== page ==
Animal Crossing (GameCube)
Animal Crossing wasn’t always one of Nintendo’s biggest brands, but it’s always had at least solid showings. The GameCube original was a bit of a cult favorite, which makes sense considering the GameCube itself is a cult favorite console. The DS followup saw significant success, as did its Wii sequel. But then the 3DS game happened and it was absolutely massive. Then the Switch game came out and once again, was an unreasonable success.
The original game though, still has its charm, and a lot of features that simply don’t exist in the new games. There are gyroids everywhere. NES games to unlock. Weird characters with horned helmets. The newer games are without a doubt more fun to play, but Animal Crossing: New Horizons has been out for a little while now, and with so many people having discovered the franchise only in the last decade, it stands to reason a decent handful of them would probably like to see where it all came from.
GameCube games in general are a huge missed opportunity for Nintendo in terms of re-releases, but this one right here is one of the biggest they’ve left behind. As for why it’s not available, I really don’t know. It’s probably related to the way the game works and maybe its NES game incorporation? It’s hard to say, but I can’t imagine some sort of straight port with minor quality of life improvements wouldn’t be worth their while.
Metal Gear (NES)
This is the most egregious as far as I’m concerned. Yes, the original MSX Metal Gear game has been re-released several times by now, but that’s only how players in Japan got into the franchise. Here in the US, we played Metal Gear on NES, and we liked it!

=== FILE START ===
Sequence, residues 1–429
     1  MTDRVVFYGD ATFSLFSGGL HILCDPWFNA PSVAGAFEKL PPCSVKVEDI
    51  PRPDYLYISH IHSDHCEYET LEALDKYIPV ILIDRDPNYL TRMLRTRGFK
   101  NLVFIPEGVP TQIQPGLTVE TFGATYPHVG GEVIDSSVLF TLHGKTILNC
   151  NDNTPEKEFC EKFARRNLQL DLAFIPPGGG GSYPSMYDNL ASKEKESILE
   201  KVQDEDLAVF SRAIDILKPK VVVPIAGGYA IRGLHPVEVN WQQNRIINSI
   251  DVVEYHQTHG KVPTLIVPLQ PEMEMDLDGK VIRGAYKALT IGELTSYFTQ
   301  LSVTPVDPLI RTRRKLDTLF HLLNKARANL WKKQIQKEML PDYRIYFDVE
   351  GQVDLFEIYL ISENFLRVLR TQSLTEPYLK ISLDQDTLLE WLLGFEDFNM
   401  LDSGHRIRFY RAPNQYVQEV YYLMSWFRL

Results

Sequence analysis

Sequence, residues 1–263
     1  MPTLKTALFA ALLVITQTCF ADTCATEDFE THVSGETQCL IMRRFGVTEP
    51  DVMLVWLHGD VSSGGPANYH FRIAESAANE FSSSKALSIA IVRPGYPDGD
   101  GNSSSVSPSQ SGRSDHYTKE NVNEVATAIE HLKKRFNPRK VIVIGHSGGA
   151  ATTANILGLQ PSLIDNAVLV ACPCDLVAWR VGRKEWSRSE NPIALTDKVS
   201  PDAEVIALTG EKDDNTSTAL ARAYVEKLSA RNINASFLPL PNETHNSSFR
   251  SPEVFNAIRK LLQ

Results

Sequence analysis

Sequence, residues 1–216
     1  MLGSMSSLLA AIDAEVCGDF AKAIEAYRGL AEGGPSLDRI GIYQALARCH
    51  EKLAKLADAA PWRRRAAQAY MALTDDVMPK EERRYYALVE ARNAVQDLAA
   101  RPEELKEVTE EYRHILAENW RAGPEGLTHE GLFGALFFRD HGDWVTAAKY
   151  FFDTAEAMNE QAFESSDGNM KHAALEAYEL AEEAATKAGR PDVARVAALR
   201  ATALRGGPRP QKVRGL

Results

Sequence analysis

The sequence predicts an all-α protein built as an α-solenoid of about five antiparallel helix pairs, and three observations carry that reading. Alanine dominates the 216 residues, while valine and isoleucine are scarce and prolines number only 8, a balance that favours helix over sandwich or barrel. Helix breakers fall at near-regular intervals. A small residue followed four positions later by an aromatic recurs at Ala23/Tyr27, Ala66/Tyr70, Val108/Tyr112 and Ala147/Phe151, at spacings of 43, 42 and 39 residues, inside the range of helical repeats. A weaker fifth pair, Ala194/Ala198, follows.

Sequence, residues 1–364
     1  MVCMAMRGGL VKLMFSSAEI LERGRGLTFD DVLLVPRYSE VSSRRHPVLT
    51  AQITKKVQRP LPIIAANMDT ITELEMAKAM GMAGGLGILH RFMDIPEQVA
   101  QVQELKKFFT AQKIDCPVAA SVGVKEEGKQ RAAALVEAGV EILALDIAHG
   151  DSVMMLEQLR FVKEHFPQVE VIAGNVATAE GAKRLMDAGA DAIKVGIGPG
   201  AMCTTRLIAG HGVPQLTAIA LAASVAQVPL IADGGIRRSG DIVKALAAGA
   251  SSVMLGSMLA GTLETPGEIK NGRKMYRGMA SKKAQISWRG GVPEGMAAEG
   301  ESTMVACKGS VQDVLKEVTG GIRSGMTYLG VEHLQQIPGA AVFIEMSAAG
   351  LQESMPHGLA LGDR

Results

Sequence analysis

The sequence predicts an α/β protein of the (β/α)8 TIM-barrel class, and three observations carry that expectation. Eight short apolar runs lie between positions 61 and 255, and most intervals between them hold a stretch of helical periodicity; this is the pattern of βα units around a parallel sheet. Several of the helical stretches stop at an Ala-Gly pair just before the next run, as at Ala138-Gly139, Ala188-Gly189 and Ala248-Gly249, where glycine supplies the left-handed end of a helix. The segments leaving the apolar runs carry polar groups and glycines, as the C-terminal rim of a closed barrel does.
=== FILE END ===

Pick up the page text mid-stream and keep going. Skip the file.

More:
Sure, the MSX game is the superior work, but just because that game is great, doesn’t mean the NES game is bad, not by a longshot!
It looks great, it’s still fun to play, it has hilarious poorly translated dialogue, and a killer soundtrack. Back when it originally released, there was almost nothing else like it on any platform, let alone on the NES. It’s a part of American video game history, and it’s been undeservedly swept under the rug.
As for why, that used to be an easy one to answer. Hideo Kjma is famously not at all fond of the game, so he likely was responsible for Konami never letting it see the light of day again. If people wanted to learn the origins of the franchise, they could fire up a port of the MSX version. But Kojima and Konami aren’t exactly on good terms anymore, and Konami owns Metal Gear outright. So why in the name of sanity have they not put this game on some sort of collection?
Metal Gear has seen plenty of compilations over the years, but none of them have included this NES game, its direct sequel Snake’s Revenge, Metal Gear Solid for Game Boy Color, or Metal Gear Solid: The Twin Snakes. I don't know about you, but a collection of those games released today would be a day one purchase for me. But even if you were to ignore those other missing games, this one on its own should be available for more to play today.
The world of retro gaming is a weird one when you consider how many older games simply haven’t been preserved in an official capacity, especially culturally important ones like these. Again, there are plenty of ways to get these games today, but seeing them expected by their actual rights holders would be a breath of fresh air. Maybe someday they will.